Author Interviews, Brigham & Women's - Harvard, Kidney Disease, Stem Cells / 20.11.2016 Interview with: Dr. Ryuji Morizane MD, PhD Associate Biologist, Renal Division Brigham and Women’s Hospital Affiliated Faculty, Harvard Stem Cell Institute Instructor, Harvard Medical School What is the background for this study? Response: Polycystic kidney disease (PKD) accounts for 10% of end-stage kidney disease (ESKD), and there is currently no curable treatment available for patients with PKD. The adult onset form of PKD, the most common type of PKD, takes 30 years to form cysts in humans; therefore, it is difficult to study mechanisms of PKD to find novel therapeutics for patients. (more…)
Author Interviews, Gout, Kidney Disease / 19.11.2016 Interview with: Gerald D. Levy MD Internal Medicine/Rheumatology Southern California Kaiser Permanente Downey, CA What are the main findings of your study? Patients with hyperuricemia and chronic kidney disease (CKD)  improve when serum Uric Acid (sUA) is brought below 6mg/dl with urate lowering therapy. We found a 6% improvement in this group compared to patients not at goal. More importantly the stage of CKD appears to be important with CKD II showing approximately 3% who improve with nearly 10% of patients improving in the CKD III group. We did not see benefit in those patients who are stage 4 CKD. (more…)
Author Interviews, Gout, Kidney Disease, Pharmacology / 19.11.2016 Interview with: Dr. Ana Beatriz Vargas dos Santos Médica do Serviço de Reumatologia Universidade do Estado do Rio de Janeiro What is the background for this study? Response: Gout is the most common inflammatory arthritis worldwide and, despite available treatment, the management of gout remains suboptimal. One of the reasons for this suboptimal management of gout is the hesitant use of urate-lowering therapy, including a common reduction in dose or discontinuation of allopurinol in patients with gout who have kidney dysfunction based on the assumption that allopurinol may be worsening kidney function. However, there is no evidence that allopurinol is toxic for the kidneys, and this dose reduction or discontinuation results in more difficult-to-treat gout. Chronic kidney disease (CKD) stage 3 or above occurs in approximately 20% of people with gout, and there is emerging evidence that urate-lowering therapy may improve kidney function in patients with both gout and CKD. Although CKD is common, most people with gout start out with normal kidney function. Yet, there are limited data regarding the effects of allopurinol on kidney function in such individuals. We, therefore, undertook this study to assess whether people with newly diagnosed gout who are starting allopurinol are at increased risk for developing CKD stage 3 or worse. (more…)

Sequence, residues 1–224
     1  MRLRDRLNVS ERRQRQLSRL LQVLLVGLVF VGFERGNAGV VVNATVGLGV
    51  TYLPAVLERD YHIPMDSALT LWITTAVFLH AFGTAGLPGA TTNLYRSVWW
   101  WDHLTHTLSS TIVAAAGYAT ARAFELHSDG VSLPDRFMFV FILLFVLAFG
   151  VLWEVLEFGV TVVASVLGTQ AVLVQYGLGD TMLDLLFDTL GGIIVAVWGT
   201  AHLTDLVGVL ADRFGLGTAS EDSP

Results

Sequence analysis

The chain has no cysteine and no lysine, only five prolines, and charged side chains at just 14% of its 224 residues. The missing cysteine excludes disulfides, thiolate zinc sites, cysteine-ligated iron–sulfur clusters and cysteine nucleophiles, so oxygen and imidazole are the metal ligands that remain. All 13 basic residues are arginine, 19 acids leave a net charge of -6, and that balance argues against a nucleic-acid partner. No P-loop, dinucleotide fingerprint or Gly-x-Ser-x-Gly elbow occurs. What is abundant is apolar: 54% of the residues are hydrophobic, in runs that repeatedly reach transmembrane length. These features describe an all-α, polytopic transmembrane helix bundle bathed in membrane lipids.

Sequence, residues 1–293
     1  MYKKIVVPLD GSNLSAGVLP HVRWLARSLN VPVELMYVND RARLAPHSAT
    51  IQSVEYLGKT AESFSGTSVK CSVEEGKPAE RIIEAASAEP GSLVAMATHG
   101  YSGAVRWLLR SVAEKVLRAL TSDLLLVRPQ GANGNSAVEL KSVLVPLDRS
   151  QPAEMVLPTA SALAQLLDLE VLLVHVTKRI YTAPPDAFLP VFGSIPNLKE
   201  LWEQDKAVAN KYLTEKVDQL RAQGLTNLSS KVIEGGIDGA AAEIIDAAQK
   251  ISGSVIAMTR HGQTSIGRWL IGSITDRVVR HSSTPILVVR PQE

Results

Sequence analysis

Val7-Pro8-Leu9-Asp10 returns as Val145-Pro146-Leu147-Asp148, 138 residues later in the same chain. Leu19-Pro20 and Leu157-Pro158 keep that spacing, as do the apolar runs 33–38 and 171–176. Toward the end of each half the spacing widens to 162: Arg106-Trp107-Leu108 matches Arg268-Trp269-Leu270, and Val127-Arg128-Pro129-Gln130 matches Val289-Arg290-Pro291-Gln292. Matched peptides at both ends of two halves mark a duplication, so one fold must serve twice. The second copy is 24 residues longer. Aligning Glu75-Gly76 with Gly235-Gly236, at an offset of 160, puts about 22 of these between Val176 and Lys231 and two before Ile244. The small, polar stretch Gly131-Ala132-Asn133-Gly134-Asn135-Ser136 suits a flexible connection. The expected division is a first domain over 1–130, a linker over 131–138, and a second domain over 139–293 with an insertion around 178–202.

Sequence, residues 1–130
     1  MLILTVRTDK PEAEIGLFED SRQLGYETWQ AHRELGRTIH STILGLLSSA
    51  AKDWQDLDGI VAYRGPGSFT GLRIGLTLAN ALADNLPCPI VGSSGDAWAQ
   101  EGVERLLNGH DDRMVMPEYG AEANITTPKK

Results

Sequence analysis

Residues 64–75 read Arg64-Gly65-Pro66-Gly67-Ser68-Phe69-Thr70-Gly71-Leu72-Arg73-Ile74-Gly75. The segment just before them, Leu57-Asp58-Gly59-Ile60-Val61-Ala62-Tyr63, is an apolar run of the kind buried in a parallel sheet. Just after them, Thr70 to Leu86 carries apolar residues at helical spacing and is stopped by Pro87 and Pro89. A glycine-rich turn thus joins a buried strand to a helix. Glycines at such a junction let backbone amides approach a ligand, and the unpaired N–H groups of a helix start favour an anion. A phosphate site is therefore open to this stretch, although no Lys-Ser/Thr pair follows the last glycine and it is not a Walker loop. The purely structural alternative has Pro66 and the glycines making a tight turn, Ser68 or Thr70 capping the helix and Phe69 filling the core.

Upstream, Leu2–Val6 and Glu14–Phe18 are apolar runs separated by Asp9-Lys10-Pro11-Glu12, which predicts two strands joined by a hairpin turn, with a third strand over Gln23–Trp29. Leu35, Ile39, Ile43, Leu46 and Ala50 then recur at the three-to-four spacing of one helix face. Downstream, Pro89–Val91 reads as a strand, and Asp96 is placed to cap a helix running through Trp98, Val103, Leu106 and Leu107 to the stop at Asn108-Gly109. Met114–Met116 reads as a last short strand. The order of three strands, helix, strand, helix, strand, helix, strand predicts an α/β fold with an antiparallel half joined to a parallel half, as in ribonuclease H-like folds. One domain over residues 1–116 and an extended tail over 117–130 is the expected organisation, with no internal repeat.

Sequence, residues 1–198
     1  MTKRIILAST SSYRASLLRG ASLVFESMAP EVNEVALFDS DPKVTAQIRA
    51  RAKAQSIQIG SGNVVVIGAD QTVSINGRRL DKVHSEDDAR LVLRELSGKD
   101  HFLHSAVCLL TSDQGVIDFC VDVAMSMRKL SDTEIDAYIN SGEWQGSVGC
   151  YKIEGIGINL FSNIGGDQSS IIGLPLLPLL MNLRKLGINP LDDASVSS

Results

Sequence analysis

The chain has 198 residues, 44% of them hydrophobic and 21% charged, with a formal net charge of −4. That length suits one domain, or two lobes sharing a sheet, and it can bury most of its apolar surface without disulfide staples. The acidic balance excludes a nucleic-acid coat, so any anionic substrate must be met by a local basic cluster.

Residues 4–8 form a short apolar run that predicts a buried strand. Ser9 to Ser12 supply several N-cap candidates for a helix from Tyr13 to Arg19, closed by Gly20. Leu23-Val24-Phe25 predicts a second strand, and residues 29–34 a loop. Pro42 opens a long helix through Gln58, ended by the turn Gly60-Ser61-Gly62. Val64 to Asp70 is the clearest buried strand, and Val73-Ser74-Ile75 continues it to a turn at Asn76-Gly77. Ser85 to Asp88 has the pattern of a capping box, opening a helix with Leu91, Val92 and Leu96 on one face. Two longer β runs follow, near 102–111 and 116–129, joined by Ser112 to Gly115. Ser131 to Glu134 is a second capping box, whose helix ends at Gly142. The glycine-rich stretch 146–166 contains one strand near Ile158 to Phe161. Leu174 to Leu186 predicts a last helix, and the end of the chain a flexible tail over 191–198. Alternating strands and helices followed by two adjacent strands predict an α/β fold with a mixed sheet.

Author Interviews, Critical Care - Intensive Care - ICUs, Kidney Disease, NEJM, Pediatrics / 18.11.2016 Interview with: Stuart L. Goldstein, MD, FAAP, FNKF Clark D. West Endowed Chair Professor of Pediatrics University of Cincinnati College of Medicine Director, Center for Acute Care Nephrology | Associate Director, Division of Nephrology Medical Director, Pheresis Service | Co-Medical Director, Heart Institute Research Core Division of Nephrology and Hypertension | The Heart Institute Cincinnati Children’s Hospital Medical Center Cincinnati, OH 45229 What is the background for this study? What are the main findings? Response: This was a prospective international multi-center assessment of the epidemiology of acute kidney injury in children in young adults. Over 5,000 children were enrolled from 32 pediatric ICUs in 9 countries on 4 continents. The main findings are: 1) Severe AKI, defined by either Stage 2 or 3 KDIGO serum creatinine and urine output criteria carried an incremental risk of death after adjusting for 16 co-variates. 2) Patients with AKI by low urine output would have been misclassified as not having AKI by serum creatinine criteria and patients with AKI by urine output criteria have worse outcomes than patients with AKI by creatinine crtieria. 3) Severe AKI was also associated with increased and prolonged mechanical ventilation use, increased receipt of dialysis or ECMO (more…)
Author Interviews, Emergency Care, Kidney Disease, Kidney Stones, UCSF / 04.11.2016 Interview with: Ralph Wang, MD, MAS Associate Clinical Professor, Department of Emergency Medicine University of California, San Francisco What is the background for this study? Response: Medical expulsive therapy, most notably tamsulosin, has been studied extensively to improve stone passage in patients diagnosed with ureteral stone. Prior trials and meta-analyses have identified a benefit. In fact, tamsulosin is recommended by the American Urologic Association for patients diagnosed with ureteral stones < 10mm that do not require intervention. However, recent well-conducted multi-center randomized trials have not found any improvement in stone passage. Thus we conducted a systematic review and meta-analysis of all double blinded, placebo controlled randomized trials of tamsulosin to determine whether it improves stone passage. (more…)